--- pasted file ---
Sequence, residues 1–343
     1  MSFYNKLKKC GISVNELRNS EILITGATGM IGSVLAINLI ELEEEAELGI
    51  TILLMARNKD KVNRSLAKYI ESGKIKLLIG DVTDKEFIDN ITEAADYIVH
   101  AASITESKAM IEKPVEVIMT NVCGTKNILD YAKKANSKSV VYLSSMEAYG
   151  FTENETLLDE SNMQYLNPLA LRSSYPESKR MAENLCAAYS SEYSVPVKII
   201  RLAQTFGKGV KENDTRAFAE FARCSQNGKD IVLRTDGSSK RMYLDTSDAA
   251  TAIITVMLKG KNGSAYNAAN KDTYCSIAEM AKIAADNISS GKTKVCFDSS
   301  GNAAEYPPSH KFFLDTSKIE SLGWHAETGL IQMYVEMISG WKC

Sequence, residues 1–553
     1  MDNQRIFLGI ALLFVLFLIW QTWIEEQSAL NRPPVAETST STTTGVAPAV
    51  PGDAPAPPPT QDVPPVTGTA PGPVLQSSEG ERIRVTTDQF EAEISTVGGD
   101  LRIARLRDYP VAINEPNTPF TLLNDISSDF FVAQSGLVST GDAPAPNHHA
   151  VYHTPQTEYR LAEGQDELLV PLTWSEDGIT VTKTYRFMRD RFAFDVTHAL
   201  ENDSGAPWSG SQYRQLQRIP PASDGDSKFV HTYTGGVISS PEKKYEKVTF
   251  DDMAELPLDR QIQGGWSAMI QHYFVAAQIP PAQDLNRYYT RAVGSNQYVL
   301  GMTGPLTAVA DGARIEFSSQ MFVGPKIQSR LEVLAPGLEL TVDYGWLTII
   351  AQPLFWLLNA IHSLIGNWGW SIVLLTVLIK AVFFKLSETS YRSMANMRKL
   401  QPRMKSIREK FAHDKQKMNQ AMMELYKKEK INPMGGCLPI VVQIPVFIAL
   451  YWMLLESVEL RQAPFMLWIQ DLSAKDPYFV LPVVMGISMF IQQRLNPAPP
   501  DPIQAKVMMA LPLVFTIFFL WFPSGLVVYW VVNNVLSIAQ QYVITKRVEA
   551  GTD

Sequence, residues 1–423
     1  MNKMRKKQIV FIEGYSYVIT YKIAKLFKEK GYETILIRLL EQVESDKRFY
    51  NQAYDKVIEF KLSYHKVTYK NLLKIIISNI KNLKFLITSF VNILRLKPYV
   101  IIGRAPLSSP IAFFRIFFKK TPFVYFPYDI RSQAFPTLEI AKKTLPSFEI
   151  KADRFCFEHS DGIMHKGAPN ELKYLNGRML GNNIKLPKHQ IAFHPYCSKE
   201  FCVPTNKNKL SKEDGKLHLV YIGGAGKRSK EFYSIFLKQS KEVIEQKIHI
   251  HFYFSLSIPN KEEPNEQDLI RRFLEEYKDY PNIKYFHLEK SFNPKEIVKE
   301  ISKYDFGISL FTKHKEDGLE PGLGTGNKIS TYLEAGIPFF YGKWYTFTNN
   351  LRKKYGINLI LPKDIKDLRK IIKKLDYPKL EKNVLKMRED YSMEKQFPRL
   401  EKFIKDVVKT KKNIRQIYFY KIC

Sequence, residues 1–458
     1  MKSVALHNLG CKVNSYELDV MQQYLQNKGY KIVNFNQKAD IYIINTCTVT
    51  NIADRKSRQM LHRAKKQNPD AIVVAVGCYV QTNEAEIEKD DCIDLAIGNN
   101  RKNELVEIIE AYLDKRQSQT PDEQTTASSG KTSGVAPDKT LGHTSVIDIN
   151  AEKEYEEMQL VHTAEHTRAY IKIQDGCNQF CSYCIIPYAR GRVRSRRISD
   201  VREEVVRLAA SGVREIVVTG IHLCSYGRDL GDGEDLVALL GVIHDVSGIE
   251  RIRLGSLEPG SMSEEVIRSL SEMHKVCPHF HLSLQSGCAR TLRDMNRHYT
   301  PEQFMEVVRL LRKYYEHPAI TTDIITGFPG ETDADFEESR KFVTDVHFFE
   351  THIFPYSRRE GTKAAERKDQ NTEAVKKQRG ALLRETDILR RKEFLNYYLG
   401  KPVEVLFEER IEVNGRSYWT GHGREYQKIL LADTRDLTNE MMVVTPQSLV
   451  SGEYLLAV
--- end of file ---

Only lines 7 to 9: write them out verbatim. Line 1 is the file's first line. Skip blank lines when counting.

   251  TAIITVMLKG KNGSAYNAAN KDTYCSIAEM AKIAADNISS GKTKVCFDSS
   301  GNAAEYPPSH KFFLDTSKIE SLGWHAETGL IQMYVEMISG WKC

Sequence, residues 1–553